Before and After

December 3, 2013

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Ken Liu is an author and translator of speculative fiction, as well as a lawyer and programmer. His fiction has appeared in The Magazine of Fantasy & Science Fiction, Asimov’s, Analog, Clarkesworld, Lightspeed, and Strange Horizons, among other places. He has won a Nebula, two Hugos, a World Fantasy Award, and a Science Fiction & Fantasy Translation Award, and been nominated for the Sturgeon and the Locus Awards. He lives with his family near Boston, Massachusetts.

For Jerry, there was a before — sitting on the train home from Connecticut, where he had been visiting his father, suspended in that agonizing twilight of life in which he was unable to distinguish Jerry from Jerry’s brother, Brian, dreading the next call to Brian so they could argue some more about whether it really was time to send the old man to that place in the brochure Jerry had mentioned several times already, walking home the six blocks from the station in the red, late summer dusk while checking the balance of his stock account on his phone, dreaming about quitting work someday when the number got big enough but knowing that the number never would get big enough because Liddy and Jacob needed to go to college and that place in the brochure wasn’t free either, turning up the driveway to his house, fantasizing how Beth was going to open the door and yell guess what honey and unveil a winning lottery ticket, for some reason oversized like those giant checks they have on TV sometimes, remembering, as he inserted the key into the lock, that he still hadn’t cleaned out the gutters and Beth certainly would be unhappy about that even if she wasn’t going to say anything and he really did like it better when he could see her smile, and seeing, as he stepped into the den, the blank faces of his wife and children as they gathered before the big TV, and thinking how odd a sight that was because he couldn’t remember the last time the family had found anything they wanted to watch together —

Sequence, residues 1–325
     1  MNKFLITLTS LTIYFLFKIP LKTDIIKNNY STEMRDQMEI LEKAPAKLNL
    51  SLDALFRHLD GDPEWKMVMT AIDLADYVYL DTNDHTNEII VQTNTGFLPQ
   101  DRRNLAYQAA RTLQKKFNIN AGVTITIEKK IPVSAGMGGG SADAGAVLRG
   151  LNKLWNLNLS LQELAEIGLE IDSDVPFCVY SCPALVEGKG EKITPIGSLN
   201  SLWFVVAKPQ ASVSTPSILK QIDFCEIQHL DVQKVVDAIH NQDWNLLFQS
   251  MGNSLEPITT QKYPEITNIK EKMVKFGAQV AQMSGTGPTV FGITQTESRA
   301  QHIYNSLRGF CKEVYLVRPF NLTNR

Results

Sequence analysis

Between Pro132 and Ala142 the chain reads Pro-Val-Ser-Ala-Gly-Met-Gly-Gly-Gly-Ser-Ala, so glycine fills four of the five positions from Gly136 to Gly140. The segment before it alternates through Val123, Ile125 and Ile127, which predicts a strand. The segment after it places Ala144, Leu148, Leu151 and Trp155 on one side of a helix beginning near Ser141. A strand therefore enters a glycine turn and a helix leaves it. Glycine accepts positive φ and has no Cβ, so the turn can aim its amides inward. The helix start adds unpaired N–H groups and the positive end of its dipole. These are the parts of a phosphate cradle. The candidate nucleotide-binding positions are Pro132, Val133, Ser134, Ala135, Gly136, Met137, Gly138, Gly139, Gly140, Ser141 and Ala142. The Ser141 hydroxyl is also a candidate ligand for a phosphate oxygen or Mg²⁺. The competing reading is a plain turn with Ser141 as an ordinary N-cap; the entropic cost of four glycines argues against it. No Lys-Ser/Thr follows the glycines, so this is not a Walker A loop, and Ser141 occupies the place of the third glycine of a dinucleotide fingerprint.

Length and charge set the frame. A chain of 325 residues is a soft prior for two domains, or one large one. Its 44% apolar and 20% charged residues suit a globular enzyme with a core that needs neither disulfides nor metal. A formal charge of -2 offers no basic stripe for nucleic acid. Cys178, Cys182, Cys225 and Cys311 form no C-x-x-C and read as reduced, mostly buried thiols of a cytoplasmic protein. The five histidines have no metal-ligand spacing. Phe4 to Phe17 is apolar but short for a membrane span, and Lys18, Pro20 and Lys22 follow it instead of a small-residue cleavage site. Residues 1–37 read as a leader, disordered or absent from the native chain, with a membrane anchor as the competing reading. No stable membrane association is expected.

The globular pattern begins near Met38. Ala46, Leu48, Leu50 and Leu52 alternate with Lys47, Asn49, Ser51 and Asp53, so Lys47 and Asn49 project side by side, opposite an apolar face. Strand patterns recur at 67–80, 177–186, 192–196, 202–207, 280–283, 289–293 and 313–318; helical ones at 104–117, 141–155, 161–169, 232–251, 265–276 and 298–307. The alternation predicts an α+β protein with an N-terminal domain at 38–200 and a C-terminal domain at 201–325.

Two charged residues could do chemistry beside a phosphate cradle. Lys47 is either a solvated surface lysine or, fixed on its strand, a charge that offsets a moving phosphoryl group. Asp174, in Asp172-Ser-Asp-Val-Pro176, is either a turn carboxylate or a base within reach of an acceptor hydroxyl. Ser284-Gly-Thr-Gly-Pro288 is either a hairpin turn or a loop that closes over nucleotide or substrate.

and an after — stepping back out into the driveway, where the summer breeze carried the smell of smoky grills and lavender and sumac, which was Liddy’s favorite and he and she had spent a lovely afternoon together to plant them, an afternoon he wished had never ended, and the sound of splashing pools and buzzing mosquitoes, gazing up at the darkening, cloudless sky, where the first bright stars were emerging and the birds circled and danced like the trails of planets and moons and comets and satellites in that astronomy program Jacob was always so excited for him to see on the computer, searching and seeking for the silvery, otherworldly glint of the curved hulls of those ships that had crossed unimaginable distances to come here, ships limned by green lights and threatening to unleash sharp, pale blue rays of lightning that would become so familiar in the oncoming days, all the while noticing neighbors, neighbors who he had smiled at and perhaps exchanged a few words with here and there without knowing anything about their lives, their worries and fantasies and the anguish buried in their histories and the layers hidden under their suburban and harmless façades, neighbors who suddenly felt very close, as close as members of the same species ought to feel when seen through the perspective of light–years and parsecs and time that had slowed down, neighbors stepping out of their houses, too, as they glanced at one another, looking in each other’s faces for answers that everyone already knew would not be there, and then, hearing the uncertain steps of Beth and Liddy and Jacob behind him, and realizing that there was no need for answers, only the desire and strength to endure —

but the moment itself was a hazy blur — the TV screen flickered and figures and words scrolled on the bottom as the President spoke (“…patience and faith… and God bless America…”) against those incomprehensible images, and Jerry would not be able to remember, in all the following years, no matter how hard he tried, the moment when he finally understood that the world had changed, forever and ever, like a sentence that twists and turns, accumulating the detritus of thoughts and feelings and fears and memories and yearnings until one notices that somewhere along the way, a shift irrevocably altered its path and mood and tone so that upon reaching the final, abrupt period, one hesitates, waits, suspends a breath, to remember.

© Ken Liu

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